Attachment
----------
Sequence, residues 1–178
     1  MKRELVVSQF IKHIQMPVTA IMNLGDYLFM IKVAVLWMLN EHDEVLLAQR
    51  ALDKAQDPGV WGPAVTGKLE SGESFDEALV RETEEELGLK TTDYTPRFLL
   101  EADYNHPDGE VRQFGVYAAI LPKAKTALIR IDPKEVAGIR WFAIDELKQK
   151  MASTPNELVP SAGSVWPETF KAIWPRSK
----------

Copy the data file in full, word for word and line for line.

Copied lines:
Sequence, residues 1–178
     1  MKRELVVSQF IKHIQMPVTA IMNLGDYLFM IKVAVLWMLN EHDEVLLAQR
    51  ALDKAQDPGV WGPAVTGKLE SGESFDEALV RETEEELGLK TTDYTPRFLL
   101  EADYNHPDGE VRQFGVYAAI LPKAKTALIR IDPKEVAGIR WFAIDELKQK
   151  MASTPNELVP SAGSVWPETF KAIWPRSK